Customer feedback probably makes you think of all the reviews shoppers leave after they purchase something.
There’s much more to client feedback than this.
Just consider all the ways in which you can ask for it: sending out customer surveys, creating platforms for ideas, or popping up a quick in-app question, to name only a few.
But why ask for customer feedback in the first place?
Because it can show you directions for growth you may not have imagined in your wildest dreams.
In this article:
- Client feedback definition
- Examples of asking for feedback from clients
- Strategies for managing it
- Importance of customer feedback
If customer feedback isn’t exactly your cup of tea, check out these articles instead:
- How to Handle Customer Complaints
- Steps to Measure Customer Satisfaction
- What Are Customer Needs and How to Identify Them?
What is customer feedback?
Customer feedback is what customers share about their experience with your brand’s products and services. For customers, it’s a way of voicing their opinions. For businesses, it’s an opportunity to gain unique insights and keep improving the customer journey within your company.
The customer feedback loop is a strategy that focuses on continual brand improvement based on users’ suggestions and opinions. It can help you pinpoint what needs to go and what you need more of. This way, you can learn to listen to the voice of your customers, focus on their needs, and implement positive changes.
A strategy to manage your feedback loop consists of four stages:
This way, you’ll be able to start the change in your organization and become more customer-centric. And knowing what people want can make it easier for your brand to provide the right products and increase sales. More on how to manage customer feedback later in the article.
For now, let’s look at some examples of companies that cracked the customer feedback code.
Customer feedback strategies with examples
First of all, no matter how you decide to gather customer feedback, remember to always be polite and not pushy. Make sure the way you reach out is friendly, and reviews bring value to your company while at the same time your clients feel that their comments are appreciated.
1. Ask for feedback after the customer service interaction
When your customers contact you, make sure your support team solves their issues and then asks the client for feedback.
Customer service feedback is just as important(if not more important) as reviews of your products. Especially, since 96% of clients say that customer service is important when choosing a brand they’ll do business with.
So, implement surveys and forms to collect customer feedback automatically with Tidio Live Chat at the end of customer interactions.
You can also look through the support conversations with clients. Operators gather a lot of valuable customer service feedback during the communication that you can use. A live chat conversation could have “hidden gems” and other insights about both unhappy and happy customers.
But for clients’ insights to be truly valuable, you need to analyze them. Some tips for analyzing transcripts include looking for:
- Repetitive issues with products or services
- Quality of customer service
- New feature requests
Tidio: example of feedback collected right after interaction with the customer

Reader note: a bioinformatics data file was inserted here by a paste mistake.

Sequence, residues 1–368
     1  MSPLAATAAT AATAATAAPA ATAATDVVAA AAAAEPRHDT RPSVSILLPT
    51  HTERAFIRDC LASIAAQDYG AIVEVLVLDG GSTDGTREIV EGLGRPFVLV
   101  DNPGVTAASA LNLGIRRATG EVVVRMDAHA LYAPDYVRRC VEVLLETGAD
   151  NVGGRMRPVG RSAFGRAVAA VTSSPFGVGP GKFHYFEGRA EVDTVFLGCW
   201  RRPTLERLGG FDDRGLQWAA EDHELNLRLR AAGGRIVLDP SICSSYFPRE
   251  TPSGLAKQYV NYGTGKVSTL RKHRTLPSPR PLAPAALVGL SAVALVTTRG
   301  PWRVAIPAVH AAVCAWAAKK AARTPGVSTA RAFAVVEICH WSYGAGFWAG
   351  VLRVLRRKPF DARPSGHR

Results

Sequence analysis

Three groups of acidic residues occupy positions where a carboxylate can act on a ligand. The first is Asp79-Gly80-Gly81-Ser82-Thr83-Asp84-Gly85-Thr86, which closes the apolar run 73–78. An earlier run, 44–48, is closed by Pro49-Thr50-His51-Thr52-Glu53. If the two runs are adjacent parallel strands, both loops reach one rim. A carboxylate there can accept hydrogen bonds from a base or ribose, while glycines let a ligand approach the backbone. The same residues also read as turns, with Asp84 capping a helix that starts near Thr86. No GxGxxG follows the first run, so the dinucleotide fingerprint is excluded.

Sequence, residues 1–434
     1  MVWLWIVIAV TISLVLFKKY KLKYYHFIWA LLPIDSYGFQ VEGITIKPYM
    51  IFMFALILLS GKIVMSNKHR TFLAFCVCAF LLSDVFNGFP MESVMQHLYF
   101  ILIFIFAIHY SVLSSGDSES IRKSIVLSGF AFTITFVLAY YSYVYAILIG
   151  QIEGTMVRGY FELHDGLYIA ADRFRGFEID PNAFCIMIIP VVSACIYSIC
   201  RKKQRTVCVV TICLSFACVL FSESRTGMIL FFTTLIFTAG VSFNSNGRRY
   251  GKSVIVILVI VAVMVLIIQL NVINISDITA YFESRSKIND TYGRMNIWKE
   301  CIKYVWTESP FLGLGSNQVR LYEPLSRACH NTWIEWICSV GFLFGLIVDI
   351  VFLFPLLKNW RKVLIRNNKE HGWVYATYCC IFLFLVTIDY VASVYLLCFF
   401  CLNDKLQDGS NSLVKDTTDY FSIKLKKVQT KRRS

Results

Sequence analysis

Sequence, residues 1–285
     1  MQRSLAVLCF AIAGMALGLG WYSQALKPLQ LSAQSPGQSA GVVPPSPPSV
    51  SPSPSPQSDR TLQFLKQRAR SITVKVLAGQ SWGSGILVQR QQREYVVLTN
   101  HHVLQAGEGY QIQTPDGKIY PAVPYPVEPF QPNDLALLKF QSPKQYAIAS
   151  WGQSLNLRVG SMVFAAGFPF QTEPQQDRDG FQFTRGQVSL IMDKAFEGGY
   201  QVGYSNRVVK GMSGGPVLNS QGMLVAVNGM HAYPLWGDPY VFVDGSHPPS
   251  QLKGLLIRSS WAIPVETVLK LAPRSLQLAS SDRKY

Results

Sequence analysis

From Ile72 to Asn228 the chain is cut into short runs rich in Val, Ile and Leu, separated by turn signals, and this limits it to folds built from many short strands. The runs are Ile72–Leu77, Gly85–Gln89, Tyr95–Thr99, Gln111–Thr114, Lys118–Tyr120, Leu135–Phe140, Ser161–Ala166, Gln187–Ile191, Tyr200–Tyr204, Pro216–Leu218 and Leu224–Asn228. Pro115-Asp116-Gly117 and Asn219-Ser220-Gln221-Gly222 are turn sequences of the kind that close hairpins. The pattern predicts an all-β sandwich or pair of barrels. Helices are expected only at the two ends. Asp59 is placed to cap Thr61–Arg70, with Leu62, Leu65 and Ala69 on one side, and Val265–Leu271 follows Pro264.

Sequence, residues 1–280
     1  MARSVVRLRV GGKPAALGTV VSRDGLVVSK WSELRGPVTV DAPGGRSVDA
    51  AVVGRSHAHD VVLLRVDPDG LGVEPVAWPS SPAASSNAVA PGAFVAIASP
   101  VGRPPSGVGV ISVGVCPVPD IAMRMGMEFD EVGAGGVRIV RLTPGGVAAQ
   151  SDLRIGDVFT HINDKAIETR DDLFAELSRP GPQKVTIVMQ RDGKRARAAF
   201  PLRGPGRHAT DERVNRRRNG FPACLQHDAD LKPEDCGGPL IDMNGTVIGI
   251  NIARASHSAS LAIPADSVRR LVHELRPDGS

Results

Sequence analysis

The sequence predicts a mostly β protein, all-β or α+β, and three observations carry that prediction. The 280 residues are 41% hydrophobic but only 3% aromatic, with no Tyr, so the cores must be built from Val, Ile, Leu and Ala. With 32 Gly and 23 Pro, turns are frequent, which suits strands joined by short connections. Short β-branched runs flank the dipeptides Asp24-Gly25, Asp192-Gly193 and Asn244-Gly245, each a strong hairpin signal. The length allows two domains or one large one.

This is an example survey our customers get after the interaction with customer support. At Tidio, we focus on collecting customer feedback by implementing surveys that ask one simple question and give clients a rating scale. We also encourage consumers to review us on third-party platforms, such as G2 and Shopify if they have any further comments.
The main benefit of using this method of collecting feedback is getting to know our customer’s needs, such as exporting chat transcripts, advanced analytics in bots, NLP for more languages, and integrations with WhatsApp and Instagram. This allowed us to improve the customer experience and helped us grow in accordance with our customer’s needs.
2. Send in-app feedback questions
In-app surveys are short pop-up requests displayed to app users asking them to share their experiences using a rating scale. This is a good way to get real-time responses and a lot of them.
Your business can send in-app consumer feedback for services as well as products. If your ecommerce store has an app available, then after each purchase, your clients can receive a question about how likely they are to recommend your brand.
Just don’t ask them about their experiences using the product straight after they purchased it— they haven’t used it yet, so how would they know if it’s good or bad?
Simple tips you can implement into your in-app surveys to get more replies:
- Use star ratings and scales for an easier process
- Enable attaching screenshots and a textbox for a detailed explanation
- Let shoppers skip open-ended questions
Apart from surveys, you can simply ask users to rate your app in an app store. A study shows that app store reviews give fantastic insights into the user interface, pricing, notification frequency, sign-up experience, and other product features.
Let’s look at how Uber mastered this type of customer feedback.
Uber: example of feedback collected in-app
After each trip or during your ride, you get to rate your experience and your driver. And that works both ways as your driver can also rate you. This is the way Uber created a feedback culture that puts the power in the hands of buyers and protects employees at the same time.
You can rate the driver on a rating scale and provide more information about your experience. When getting into the car, clients know the driver’s name, their car, and average ratings. This way, people feel safer when using the service. It allows transparency and informs the company of any problem drivers in good time.